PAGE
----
Fringe 2021: West is best

Perth Fringe audiences can expect a 2021 program stacked with WA talent in local venues as artists re-emerge within the confines of border restrictions, limited cash and social distancing.

For the past nine years the festival has energised Perth’s cultural centre with local and imported acts across several social and performance ‘hubs’.

Fringe Festival director Amber Hasler said next year’s program would be 40 per cent smaller, with more acts performing in local venues.

“We’ve reduced the Festival footprint in terms of the hubs … it’s just the Woodside Pleasure Gardens and The Girls School,” she said.

“We’re really turning our focus to independent venues.”

Fringe has attracted criticism in the past for its high participation costs and low profit margins for artists.

Ms Hasler said the festival has restructured its participation costs to lessen the risk for artists, after a financially devastating year for the arts industry.

“The amount artists have to pay to participate is now taken at the end of the festival.

“We’ve abolished venue registration fees, all venues can take part … we’re going to keep announcing these special initiatives right up until the festival happens.”

Kiara with a K Producer Kiara Macri said Fringe’s fee restructure was a massive help to her 2021 Fringe show, but she would still attempt to mitigate financial risk.

Kiara with a K at Perth Girls School. (Photo: John Leonard)
Kiara with a K at Perth Girls School. Photo: John Leonard.

“Not being able to have full capacity just puts us at risk of making a loss. I invest my personal income into my shows … and have adapted to the current climate to make sure my budget stays low,” she said.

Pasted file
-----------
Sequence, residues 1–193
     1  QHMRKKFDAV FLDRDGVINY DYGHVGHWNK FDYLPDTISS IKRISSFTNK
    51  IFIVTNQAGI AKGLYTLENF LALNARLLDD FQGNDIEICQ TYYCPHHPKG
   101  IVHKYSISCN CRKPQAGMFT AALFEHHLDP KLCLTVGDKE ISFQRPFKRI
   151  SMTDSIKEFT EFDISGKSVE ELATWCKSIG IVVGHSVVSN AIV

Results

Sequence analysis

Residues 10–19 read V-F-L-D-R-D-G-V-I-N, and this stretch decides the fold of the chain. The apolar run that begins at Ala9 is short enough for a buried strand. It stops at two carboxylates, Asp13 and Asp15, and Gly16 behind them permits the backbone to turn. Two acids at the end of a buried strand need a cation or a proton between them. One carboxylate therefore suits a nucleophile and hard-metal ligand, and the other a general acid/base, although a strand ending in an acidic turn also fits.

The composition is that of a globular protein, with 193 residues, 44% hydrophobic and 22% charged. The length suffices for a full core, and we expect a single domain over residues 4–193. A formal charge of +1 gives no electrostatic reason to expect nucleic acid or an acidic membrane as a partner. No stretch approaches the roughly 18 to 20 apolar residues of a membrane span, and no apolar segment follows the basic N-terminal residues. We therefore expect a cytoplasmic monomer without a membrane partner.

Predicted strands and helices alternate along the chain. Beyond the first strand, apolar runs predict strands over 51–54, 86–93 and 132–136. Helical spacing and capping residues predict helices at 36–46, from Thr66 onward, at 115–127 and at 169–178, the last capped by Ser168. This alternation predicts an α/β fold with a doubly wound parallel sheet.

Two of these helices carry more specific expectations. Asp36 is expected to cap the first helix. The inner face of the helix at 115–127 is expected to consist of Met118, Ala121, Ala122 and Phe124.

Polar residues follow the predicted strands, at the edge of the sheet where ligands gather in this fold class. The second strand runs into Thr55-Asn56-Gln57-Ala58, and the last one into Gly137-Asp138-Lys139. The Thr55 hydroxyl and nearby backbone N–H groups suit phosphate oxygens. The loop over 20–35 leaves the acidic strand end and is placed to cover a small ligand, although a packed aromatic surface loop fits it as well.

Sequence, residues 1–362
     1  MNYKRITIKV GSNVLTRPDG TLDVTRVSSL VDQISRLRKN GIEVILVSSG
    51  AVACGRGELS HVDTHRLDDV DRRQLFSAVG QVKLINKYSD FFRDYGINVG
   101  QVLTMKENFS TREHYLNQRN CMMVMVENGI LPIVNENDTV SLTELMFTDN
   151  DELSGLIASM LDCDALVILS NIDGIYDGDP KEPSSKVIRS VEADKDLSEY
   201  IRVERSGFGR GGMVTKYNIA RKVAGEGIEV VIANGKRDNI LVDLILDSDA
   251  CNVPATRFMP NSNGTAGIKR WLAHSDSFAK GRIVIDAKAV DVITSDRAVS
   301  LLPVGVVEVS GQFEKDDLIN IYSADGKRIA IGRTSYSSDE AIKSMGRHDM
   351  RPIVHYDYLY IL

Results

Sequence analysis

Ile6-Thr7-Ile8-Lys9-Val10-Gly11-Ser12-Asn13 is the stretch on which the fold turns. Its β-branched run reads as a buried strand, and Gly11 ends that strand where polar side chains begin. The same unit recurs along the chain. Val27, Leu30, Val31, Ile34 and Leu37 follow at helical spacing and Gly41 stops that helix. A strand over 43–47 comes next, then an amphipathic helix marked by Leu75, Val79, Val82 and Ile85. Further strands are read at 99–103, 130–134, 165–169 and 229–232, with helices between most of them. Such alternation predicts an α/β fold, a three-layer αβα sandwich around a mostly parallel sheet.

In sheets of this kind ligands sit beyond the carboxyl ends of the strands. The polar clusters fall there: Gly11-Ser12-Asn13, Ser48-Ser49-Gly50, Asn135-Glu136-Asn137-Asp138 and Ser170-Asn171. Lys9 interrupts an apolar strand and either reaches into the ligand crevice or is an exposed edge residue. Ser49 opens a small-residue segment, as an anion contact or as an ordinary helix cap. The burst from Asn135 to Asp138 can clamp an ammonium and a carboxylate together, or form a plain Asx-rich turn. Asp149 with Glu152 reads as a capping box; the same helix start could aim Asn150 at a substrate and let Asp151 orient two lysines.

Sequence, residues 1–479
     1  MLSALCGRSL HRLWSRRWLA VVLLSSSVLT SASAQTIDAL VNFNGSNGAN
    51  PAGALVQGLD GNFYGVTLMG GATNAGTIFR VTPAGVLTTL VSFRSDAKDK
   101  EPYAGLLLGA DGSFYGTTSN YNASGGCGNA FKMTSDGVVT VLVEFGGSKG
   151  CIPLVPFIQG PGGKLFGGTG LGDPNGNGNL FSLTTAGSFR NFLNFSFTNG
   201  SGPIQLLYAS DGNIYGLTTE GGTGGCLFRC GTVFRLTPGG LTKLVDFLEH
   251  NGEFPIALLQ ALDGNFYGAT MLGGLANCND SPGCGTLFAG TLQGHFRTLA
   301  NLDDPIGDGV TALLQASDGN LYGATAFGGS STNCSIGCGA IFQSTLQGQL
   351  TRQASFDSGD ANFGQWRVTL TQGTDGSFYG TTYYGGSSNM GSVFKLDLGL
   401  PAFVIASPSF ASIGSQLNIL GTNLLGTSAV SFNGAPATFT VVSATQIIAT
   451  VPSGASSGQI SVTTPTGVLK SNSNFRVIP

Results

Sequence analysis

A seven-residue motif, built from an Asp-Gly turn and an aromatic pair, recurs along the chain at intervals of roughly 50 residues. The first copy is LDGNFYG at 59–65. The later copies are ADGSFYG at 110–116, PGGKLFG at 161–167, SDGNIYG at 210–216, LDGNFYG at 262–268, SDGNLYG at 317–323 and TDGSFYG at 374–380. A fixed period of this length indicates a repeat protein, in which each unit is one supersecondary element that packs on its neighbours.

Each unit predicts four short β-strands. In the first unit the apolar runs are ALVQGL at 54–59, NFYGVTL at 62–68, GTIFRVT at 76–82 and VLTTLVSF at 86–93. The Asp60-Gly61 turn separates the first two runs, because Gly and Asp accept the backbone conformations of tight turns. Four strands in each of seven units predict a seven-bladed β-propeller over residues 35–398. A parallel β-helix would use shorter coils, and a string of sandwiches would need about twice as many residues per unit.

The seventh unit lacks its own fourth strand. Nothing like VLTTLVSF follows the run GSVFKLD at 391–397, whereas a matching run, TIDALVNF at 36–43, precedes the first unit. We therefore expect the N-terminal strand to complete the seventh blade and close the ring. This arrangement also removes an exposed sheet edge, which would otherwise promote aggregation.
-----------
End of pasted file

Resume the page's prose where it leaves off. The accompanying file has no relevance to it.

The 2020 ARTRAGE Fringe Impact Report revealed that although ticket sales were higher this year, the festival made less profit due to a lower number of big-name international acts like La Soiree.

Additionally, the report showed that foot traffic between Fringe’s central hubs was the primary driver for ticket sales.

Connections Nightclub entertainment manager Matthew McPharlin said people were attracted to the vibrancy and atmosphere of Fringe and with a reduced number of hubs, artists would not be able to rely on foot traffic.

However, Mr McPharlin added Perth club-goers had adjusted to pre-buying event tickets in response to COVID related restrictions.

“If it’s similar to how people are now with pre-buying nightclub entry tickets, people might be more inclined now to pre-buy online instead of waiting until the day.”

Last month, the City of Perth approved the Major Events and Festival Sponsorship Program together with the Matched Funding and Quick Access Grants.

City of Perth council candidate Liam Gobbert welcomed these ‘crucial’ funding streams for the success of arts industries.

“In my view they’re not frequent or fast enough. The process is long-winded and needs to be simplified to allow for quicker turnaround times,” he said.

Categories: Arts, Culture

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